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Blog Birding #296

Monday, November 14, 2016 7:22
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Birding can be rewarding for both its intensity and its solace, at 10,000 Birds Patrick O’Donnell seeks the second.

I told him I had seen an Ovenbird. He immediately said, “I was making cookies the other day and they got burned. So, so, you think that Ovenbird had something to do with it Pat?” His mother smiled, I probably did too, and we explained that, “No, this bird just has that name but it doesn’t really get involved with ovens, at least not the ones for cookies”. He said, “I like this forest Pat, I like being in the forest. It’s so beautiful in here, all green and beautiful. Right mom? Let’s stay here for a while and not go back yet, ok?”.

The flashy and charismatic American Kestrel is a favorite of many North American birders, and Linda Murdock is no different.

You can usually stop the vehicle and maybe raise the camera to the window before the bird flies. If you try to move closer, the bird flies. If you turn off the engine, the bird flies. If you get out of the vehicle, the bird flies. More opportunities are lost with Kestrels than any other bird, IMO. They seem to notice when the engine slows down and then bolt.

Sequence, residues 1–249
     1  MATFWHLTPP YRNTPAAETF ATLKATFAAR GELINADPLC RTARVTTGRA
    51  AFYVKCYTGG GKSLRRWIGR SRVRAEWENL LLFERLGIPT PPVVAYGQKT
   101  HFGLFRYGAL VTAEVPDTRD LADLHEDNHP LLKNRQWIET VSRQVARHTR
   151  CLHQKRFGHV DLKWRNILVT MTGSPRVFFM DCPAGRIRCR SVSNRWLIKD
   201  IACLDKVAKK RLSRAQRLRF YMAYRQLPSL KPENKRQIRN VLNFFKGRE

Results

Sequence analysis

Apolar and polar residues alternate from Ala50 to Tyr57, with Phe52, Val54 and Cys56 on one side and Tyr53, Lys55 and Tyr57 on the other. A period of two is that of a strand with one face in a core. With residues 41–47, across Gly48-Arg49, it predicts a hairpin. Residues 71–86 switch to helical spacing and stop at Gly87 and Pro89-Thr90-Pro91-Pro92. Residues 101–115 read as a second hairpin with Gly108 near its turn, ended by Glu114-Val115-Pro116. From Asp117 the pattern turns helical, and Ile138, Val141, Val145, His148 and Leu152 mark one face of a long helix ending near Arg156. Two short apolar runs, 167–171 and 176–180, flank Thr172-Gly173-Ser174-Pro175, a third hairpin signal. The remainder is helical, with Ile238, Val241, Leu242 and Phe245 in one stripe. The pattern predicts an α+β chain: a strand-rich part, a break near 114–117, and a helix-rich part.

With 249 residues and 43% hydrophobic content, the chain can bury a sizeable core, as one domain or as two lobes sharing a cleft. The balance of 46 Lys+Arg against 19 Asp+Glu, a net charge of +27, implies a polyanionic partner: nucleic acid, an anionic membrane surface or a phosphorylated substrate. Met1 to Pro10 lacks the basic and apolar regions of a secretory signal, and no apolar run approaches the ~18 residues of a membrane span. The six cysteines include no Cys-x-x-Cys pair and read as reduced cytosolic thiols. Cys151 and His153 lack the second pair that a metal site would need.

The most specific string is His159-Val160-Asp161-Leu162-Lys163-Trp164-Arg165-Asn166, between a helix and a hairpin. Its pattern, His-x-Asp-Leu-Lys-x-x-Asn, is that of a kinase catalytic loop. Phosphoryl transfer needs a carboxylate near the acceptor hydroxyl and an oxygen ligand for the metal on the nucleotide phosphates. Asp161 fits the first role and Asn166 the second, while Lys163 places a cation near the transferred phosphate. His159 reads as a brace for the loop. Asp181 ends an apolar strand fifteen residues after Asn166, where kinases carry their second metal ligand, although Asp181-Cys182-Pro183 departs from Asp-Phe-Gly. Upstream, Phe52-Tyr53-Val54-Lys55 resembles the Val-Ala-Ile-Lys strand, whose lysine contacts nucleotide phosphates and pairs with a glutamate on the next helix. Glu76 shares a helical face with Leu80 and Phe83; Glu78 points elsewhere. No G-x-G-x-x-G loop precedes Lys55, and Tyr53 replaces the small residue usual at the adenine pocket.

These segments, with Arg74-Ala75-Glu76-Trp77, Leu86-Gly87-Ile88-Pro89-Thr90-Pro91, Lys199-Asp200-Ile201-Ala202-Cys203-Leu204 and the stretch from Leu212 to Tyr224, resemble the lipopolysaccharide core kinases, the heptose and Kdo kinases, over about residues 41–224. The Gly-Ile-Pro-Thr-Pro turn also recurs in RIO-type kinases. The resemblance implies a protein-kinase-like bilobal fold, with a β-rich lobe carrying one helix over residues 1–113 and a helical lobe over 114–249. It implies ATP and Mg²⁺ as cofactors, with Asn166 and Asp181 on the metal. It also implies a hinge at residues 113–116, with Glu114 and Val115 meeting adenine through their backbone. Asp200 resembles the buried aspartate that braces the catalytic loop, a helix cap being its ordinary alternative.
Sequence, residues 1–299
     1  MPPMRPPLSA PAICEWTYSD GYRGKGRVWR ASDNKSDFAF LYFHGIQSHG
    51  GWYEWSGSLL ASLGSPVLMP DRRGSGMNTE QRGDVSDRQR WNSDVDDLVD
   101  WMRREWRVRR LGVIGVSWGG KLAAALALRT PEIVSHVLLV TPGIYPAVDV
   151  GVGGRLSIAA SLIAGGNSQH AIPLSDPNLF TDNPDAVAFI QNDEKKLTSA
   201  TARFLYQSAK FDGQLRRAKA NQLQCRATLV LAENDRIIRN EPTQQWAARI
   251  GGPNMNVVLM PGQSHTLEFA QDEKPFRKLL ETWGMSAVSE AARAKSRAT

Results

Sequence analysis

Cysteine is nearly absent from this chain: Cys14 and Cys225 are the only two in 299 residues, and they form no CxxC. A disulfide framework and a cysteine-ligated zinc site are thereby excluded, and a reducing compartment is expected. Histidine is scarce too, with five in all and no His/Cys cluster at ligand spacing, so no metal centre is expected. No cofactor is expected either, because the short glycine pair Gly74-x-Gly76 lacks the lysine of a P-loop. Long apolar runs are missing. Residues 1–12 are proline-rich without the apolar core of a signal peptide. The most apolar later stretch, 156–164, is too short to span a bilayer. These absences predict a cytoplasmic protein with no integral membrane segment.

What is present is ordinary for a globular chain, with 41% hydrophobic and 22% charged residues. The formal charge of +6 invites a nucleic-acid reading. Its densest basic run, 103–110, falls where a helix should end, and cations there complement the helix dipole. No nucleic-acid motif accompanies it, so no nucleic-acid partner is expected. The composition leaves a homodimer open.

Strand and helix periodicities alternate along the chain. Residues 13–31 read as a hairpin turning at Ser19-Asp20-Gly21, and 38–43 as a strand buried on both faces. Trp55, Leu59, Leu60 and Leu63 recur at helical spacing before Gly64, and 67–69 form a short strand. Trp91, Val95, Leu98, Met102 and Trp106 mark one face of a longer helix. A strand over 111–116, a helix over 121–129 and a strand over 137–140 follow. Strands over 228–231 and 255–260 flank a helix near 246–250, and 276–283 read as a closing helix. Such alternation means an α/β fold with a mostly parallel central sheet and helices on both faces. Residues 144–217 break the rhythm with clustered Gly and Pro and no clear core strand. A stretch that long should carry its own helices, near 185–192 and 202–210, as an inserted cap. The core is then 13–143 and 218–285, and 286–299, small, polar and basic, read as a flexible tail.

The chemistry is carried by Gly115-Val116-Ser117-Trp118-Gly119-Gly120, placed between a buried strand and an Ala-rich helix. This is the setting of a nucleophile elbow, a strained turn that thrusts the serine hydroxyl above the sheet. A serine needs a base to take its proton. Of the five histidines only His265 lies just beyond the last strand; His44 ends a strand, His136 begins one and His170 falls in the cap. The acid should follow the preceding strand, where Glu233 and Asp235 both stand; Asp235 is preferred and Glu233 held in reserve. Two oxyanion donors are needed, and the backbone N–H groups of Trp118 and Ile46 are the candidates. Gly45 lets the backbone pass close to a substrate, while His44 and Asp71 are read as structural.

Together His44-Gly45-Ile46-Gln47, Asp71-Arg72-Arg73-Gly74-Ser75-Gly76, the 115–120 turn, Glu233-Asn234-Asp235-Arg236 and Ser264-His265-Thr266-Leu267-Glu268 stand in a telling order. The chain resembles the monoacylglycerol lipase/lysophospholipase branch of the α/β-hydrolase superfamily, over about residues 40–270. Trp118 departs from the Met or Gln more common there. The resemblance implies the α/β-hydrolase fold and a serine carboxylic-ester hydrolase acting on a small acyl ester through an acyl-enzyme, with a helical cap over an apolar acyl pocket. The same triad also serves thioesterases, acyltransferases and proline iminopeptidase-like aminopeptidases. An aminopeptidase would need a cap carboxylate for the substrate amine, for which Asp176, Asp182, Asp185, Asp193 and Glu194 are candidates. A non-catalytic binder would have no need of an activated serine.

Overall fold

Birders in South Carolina have been keeping an eye out for “Old Man Plover”, who, at 14 years, is the oldest known Great Lakes Piping Plover. Read his story at the Great Lakes Piping Plover Recovery Effort Blog.

At the end of each summer he wings his way south to South Carolina where a different set of plover monitors wait for him. This fall was his 15th trip south! We don’t know exactly what route he takes, but if he flew directly from his summer territory at Sleeping Bear Dunes to his winter territory near Charleston, SC and back, he would have migrated 25,752 miles so far. (The circumference of the Earth is 24,901 miles)

Ron Dudley of Feathered Photography shares of dramatic series of photographs of Northern Harriers fighting over prey on a frozen lake.

This harrier was trying to protect its prize and gobble down bits of frozen Mallard at the same time – its protective threat posture and beak-full of feathers says it all. Other harriers were in the immediate vicinity and occasionally one or more would swoop down and compete for the duck.

While watching through my lens my field of view was extremely limited so I usually didn’t even know when something exciting was about to happen. About all I could do was watch the bird on the duck, try to read its behavior, and then hope my reflexes were quick enough when another bird came in and that’s something that happened often.

Finding one vagrant is a special thing, finding one nearly exactly 27 years later, as Bruce Mactavish of The Newfoundland Birding Blog did, even more so.

The alarms were sent from iPhone in the woods.  It was not seen again that day. Next day. After a struggle it was refound on nearby Cod Seine Road by Andrea Dicks.  In the end some 15 people saw it in that area. It took hours for most people get their glimpse.  Photo opts were near impossible. But it was indeed a Hermit Warbler. John Wells, Ken Knowles, Chris Brown and myself were the only people present that had also seen the 1989 bird.

Join the American Birding Association at www.aba.org!

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